WBD poaches rival manager

Related tags Groupe danone Management

Wimm-Bill-Dann Foods has confirmed the creation of a new top
management position with the appointment of former Danone executive
Jacques Ioffe as deputy CEO for Strategy and Business Development -
a move that boosts the company's growing number of top management
to have carved out their careers in western Europe.

The company said that the appointment reflects its increasing focus on enhancing operating efficiency and management of resources through the integration of its growing number of group subsidiaries. In recent months WBD's financial results have continued to be hampered by growing operational costs, which, despite strong growth in sales, has trimmed back the company's profitability considerably.

Ioffe comes to WBD​ from Groupe Danone, where he headed up Danone's Russian operations. He was first approached by Groupe Danone in 1995 following their acquisition of the Bolshevik confectionary factory. As the Chief Executive Officer of Bolshevik, Ioffe was responsible for turning the company into a fully fledged subsidiary of Danone, run to the same standards as other Western companies.

Danone had been in lengthy talks to take over WBD, but the discussions ended last year, after the French food giant decided that it was wanted to amicably end the negotiations. During this time the upper management of both companies were in close dialogue, which invariably led to close relations.

"We have known Mr Ioffe for a number of years and we believe that he is one of those rare specialists who combine a Western MBA level education, experience of working for top Western firms and knowledge of the Russian market and food industry,"​ Wimm-Bill-Dann chief executive Sergei Plastinin said. "We believe that he is the ideal candidate to help us develop the necessary management skills, establish the clear division of responsibilities and foster the strong corporate culture needed to fully integrate the group. We hope that this will be achieved also through the creation of a corporate university."

Ioffe was born in St Petersburg, Russia, where he educated until he moved to France to complete an MB. Following this he held senior positions at McKinsey, Societe Generale and Renault in Paris.

Only last month WBD announced the appointment of Francesco Giuffredi as group head of production. Like Ioffe, Giuffredi's career was also carved out in western Europe. Before coming to work with WBD he had spent 23 years with Italian food giant Parmalat, where he had risen to the position of head of production.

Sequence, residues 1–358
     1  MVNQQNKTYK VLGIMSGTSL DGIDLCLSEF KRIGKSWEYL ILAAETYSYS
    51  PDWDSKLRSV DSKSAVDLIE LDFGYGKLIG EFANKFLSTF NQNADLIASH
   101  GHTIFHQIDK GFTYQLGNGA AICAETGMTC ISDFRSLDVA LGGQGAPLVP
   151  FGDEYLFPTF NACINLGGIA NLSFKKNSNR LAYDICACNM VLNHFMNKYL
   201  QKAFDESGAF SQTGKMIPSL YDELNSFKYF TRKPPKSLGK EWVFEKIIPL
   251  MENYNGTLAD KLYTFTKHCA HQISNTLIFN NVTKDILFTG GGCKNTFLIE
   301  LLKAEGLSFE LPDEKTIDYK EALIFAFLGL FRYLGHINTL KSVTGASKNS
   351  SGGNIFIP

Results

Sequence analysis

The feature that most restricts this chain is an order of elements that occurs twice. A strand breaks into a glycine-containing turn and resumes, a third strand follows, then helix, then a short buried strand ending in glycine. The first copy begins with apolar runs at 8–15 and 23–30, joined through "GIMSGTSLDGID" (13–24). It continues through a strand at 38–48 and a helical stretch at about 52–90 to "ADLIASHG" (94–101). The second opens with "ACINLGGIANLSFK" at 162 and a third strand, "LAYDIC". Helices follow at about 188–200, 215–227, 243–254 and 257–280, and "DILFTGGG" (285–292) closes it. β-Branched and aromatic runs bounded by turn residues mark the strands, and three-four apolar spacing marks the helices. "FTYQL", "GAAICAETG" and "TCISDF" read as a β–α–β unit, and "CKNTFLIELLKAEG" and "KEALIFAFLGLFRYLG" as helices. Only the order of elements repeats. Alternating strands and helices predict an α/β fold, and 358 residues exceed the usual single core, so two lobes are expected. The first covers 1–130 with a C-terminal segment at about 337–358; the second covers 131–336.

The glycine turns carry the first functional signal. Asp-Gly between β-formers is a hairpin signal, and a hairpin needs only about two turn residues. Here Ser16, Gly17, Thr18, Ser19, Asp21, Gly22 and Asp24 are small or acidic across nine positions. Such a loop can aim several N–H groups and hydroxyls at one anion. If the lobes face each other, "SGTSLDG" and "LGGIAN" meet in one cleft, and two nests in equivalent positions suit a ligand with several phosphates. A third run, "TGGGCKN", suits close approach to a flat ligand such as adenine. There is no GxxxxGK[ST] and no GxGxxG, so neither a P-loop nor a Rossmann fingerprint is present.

As is the case with Ioffe, Giuffredi will be concentrating on integrating the companies newly acquired subsidiaries into a more cohesive operation. Upon his appointment he said he would be focusing on cost effectiveness and synergies in an effort to enhance productivity.

These two most recent managerial appointments are part of a direct policy by the company to employ personnel with western European experience in the food processing industry.

"Many of our top management team have come from a background where they have at least spent some time working in a western European environment,"​ said WBD spokesperson Marian Kagan. "The company feels that it is a good idea for management with experience outside the Russian market to bring along new ideas and to integrate them into the operations. Such moves help towards making the company both more efficient and more profitable in the long run."

Jury Andreevich Neznanov, senior consultant for the food department in the Russian Ministry of Agriculture agrees with Kagan's views about food industry managers from western Europe importing ideas into the Russian sector."The fact that WBD has appointed European experts is part of its aim to improve communication and dialogue with European countries,"​ said Nezanov. "In Russia there are highly proficient managers and technologists within the food sector. Take any dairy plant, for example, and you will find highly skilled staff throughout the operation."

"On the other hand, Russian staff are poorly informed about foreign innovations. For this reason foreign experts with established contacts and knowledge of the western European market are invaluable in an effort to refine supplies of raw material and equipment provision. There is also the fact that, in order to attract western investments, it is easier to negotiate through managers with a knowledge of western European markets."

It has been no secret that for the past couple few years WBD has been seeking further investment from western European companies. With the two most recent upper managerial appointments it is likely that, in addition to increasing company efficiencies, prospects for future dialogue with outside investors will also be strengthened.

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